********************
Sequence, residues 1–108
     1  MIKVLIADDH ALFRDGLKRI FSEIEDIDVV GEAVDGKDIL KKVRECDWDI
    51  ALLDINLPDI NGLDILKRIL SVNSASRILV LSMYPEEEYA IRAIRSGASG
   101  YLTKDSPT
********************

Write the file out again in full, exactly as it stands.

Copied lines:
Sequence, residues 1–108
     1  MIKVLIADDH ALFRDGLKRI FSEIEDIDVV GEAVDGKDIL KKVRECDWDI
    51  ALLDINLPDI NGLDILKRIL SVNSASRILV LSMYPEEEYA IRAIRSGASG
   101  YLTKDSPT